Location of Gas Detectors and Relevant Standards
There are no specific standards governing gas detector location (unlike fire detection systems); there are however general guidance documents. Two examples which give information on locating detectors and also selection of sensor technologies are:
- BS EN 60079-29-2 2007 Guide for selection, installation, use and maintenance of apparatus for the detection and measurement of combustible gases or oxygen.
- IEC 60079-29-2:2015 Explosive atmospheres – Part 29-2: Gas detectors – Selection, installation, use and maintenance of detectors for flammable gases and oxygen.
- COGDEM gas detection and calibration guide
To quote BS EN 50073:1999 “Sensors should be located in positions determined by those who have knowledge of gas dispersion, the process plant systems and equipment involved and in consultation with both safety and electrical engineering personnel”.
The following information is required in order to identify the correct gas detector type and locations for any application:
- The most suitable detectors to provide fast and reliable operation
- The limitation of detectors (for example cross-sensitivity to other gases which may be present)
Other important factors to be considered:
- Detectors must be accessible for testing and maintenance
- Detectors and cables must be protected against mechanical damage
- The sensor technology selected must not be adversely affected by other substances in the environment (eg catalytic bead sensors must not be used in areas that may contain lead, sulphurs or silicones)
- Detector accessories must be selected to ensure suitability for operation in the environment: spray deflectors should be used in wet areas, sun shades must be fitted if detectors are exposed to direct sunlight in hot countries, collector cones can be used to aid detection of lighter than air gases
When installing gas detectors it is advisable to ensure that the sensor orifice is not exposed to liquid or dust contamination by positioning the unit downwards. Spray deflectors should be used when detectors are installed outdoors, or in indoor areas subject to wash-down operations.
People often ask what the area of coverage of a gas detector is in an open location. There is no official figure, however 50 to 100m2 per detector is a reasonable general guide, adding more detectors at points where leakage could occur. It must be remembered that gas has to contact with a point-type detector to be detected. It is essential that full consideration is given to the advice given in this section.
Having considered suitable locations for gas detectors, the mounting height has to be decided. In general, for gases lighter than air the detectors should be above the area where leaks are likely and for gases/vapours heavier than air the detectors must be at floor level or in inspection pits or ducts into which heavy gas/vapour may flow.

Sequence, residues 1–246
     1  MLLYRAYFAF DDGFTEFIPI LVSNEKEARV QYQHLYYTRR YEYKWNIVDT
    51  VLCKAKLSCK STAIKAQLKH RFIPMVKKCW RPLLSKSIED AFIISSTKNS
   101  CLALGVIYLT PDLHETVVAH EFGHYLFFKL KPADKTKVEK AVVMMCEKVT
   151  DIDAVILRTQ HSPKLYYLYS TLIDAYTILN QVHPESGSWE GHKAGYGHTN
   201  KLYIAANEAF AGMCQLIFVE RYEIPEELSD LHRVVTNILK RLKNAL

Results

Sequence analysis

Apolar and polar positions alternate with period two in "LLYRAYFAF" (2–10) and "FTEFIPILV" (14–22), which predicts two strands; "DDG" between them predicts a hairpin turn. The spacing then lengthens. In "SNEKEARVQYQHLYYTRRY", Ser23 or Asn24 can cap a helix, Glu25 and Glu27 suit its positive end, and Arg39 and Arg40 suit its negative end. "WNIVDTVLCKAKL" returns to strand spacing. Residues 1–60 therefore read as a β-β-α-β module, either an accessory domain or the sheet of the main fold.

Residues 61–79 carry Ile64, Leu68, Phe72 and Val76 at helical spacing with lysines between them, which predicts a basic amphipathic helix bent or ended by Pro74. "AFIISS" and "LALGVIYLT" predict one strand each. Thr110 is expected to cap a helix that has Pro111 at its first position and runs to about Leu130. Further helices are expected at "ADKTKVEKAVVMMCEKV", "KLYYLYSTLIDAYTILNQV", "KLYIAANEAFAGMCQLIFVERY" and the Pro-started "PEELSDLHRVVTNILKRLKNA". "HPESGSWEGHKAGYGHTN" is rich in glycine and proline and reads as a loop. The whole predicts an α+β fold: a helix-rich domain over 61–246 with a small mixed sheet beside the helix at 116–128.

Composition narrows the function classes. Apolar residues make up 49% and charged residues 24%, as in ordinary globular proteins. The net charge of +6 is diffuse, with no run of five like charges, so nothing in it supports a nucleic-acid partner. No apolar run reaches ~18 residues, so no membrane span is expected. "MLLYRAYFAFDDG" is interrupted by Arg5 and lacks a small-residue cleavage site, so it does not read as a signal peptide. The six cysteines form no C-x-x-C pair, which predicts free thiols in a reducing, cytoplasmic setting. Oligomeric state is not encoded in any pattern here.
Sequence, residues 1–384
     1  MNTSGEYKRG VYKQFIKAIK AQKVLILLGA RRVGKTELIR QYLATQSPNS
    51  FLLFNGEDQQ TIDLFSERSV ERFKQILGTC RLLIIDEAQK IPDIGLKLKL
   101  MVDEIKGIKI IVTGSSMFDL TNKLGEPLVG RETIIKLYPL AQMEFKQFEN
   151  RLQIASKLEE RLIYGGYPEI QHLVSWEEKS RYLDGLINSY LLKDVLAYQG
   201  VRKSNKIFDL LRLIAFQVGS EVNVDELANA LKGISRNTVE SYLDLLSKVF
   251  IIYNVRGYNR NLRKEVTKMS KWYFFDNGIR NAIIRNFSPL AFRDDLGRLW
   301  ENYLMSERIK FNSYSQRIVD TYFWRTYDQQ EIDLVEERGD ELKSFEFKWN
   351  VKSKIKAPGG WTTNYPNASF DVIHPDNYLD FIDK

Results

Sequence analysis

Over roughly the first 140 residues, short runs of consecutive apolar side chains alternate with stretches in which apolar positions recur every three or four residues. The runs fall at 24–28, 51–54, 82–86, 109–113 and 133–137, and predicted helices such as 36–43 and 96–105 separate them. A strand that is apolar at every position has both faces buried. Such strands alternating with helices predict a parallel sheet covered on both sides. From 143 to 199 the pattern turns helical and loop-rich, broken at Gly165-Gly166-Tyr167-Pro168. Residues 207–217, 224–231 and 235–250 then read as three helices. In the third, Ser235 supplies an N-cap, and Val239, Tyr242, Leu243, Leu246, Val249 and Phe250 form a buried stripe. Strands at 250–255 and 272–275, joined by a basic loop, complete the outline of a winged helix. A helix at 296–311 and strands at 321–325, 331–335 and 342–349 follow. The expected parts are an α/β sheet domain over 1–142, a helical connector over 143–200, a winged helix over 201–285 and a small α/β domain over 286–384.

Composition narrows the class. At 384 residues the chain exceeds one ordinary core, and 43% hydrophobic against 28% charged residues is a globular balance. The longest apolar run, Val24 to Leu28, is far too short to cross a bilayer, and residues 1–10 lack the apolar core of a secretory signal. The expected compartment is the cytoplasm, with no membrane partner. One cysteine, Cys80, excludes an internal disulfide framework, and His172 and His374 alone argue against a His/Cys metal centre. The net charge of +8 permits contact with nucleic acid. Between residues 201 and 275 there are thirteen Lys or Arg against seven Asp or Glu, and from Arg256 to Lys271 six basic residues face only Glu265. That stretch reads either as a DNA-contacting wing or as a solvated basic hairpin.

Gases do not separate out into discrete layers according to their densities. If they did, air would not exist as a homogeneous mixture but the heavy carbon dioxide would be at ground level with oxygen, which is heavier than nitrogen, next with a layer of nitrogen on top. If gases behaved like this, they would in fact be behaving like liquids (also consider how CFCs which are heavy vapours get into the ozone layer). It is better to view gases as tending to rise if they are light and tending to sink if they are heavy and to think about other phenomena which might affect the gas dispersion. For example, if carbon monoxide, which is only slightly lighter than air, is under pressure and is suddenly released into the atmosphere a drop in temperature is caused resulting in an increase in density. This may cause the gas to fall to floor level.
Also, the nearer in density to air a gas is, the more easily it will flow with air due to draughts and ventilation etc. Therefore a compromise with gases like carbon monoxide and also gases only slightly heavier than air such as hydrogen sulphide and nitric oxide, is to mount the detectors at a height as close as possible to the breathing areas of personnel being protected (typically 1.5 to 1.8metres). Vapour densities of flammable and toxic gases are listed in the tables shown in the Flammable Risk and Toxic Risk sections of this site.
When monitoring deficiency of oxygen, it is necessary to consider what might be displacing it. For example carbon dioxide which is heavier will tend to sink to floor level so this is where the detectors should be. Conversely if helium is displacing the oxygen, the detectors should be mounted at a high level. If combustion is consuming oxygen, the whole volume of air would gradually become depleted in oxygen and detector location would not be so critical.
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